e.   Operative Complications and Infection

IVF does involve invasive surgical procedure and is therefore not without risk. The major risks relate to bleeding at the time of the egg collection and possible pelvic infection afterwards. The incidence of both of these complications is thankfully very low.

Contact Us

If you feel at any time that you are not happy with any aspect of your treatment, have concerns or would like to make a comment or suggestion and would like to discuss things further. Please do not hesitate to contact us as there will always be someone happy to help.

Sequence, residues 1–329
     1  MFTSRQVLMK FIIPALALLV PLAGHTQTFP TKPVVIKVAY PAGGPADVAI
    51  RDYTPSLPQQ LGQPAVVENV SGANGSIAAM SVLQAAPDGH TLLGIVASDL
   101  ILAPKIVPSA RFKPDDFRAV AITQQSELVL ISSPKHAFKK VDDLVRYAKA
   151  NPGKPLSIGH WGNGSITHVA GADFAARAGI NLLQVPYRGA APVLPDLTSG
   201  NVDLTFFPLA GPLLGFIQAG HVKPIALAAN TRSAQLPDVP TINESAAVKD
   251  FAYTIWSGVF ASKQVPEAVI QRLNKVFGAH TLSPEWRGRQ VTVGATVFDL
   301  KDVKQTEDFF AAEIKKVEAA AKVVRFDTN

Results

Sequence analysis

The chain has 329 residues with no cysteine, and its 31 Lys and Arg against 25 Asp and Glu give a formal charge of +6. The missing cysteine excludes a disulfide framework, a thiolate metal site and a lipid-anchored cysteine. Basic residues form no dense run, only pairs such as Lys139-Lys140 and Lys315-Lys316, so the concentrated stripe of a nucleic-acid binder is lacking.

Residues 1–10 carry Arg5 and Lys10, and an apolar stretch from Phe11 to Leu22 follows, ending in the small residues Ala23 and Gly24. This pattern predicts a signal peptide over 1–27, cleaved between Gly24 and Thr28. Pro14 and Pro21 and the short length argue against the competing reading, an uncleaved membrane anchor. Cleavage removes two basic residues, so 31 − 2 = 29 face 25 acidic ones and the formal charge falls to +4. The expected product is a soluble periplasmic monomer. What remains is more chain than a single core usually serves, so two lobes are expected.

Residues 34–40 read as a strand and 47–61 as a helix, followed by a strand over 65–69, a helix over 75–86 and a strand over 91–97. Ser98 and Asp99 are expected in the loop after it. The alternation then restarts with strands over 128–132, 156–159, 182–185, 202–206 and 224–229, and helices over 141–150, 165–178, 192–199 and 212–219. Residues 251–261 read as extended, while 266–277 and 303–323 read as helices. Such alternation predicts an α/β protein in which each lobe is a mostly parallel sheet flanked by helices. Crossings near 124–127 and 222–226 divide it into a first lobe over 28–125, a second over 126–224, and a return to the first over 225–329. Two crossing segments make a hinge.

Or in the case of an EMERGENCY please call 0191 482 0000 and ask for a member of the IVF on call team after office hours.


It is very important that you inform the unit about the eventual outcome of the treatment. This is to ensure that we can keep our records up to date but also to allow us to inform the HFEA about the outcome of your treatment.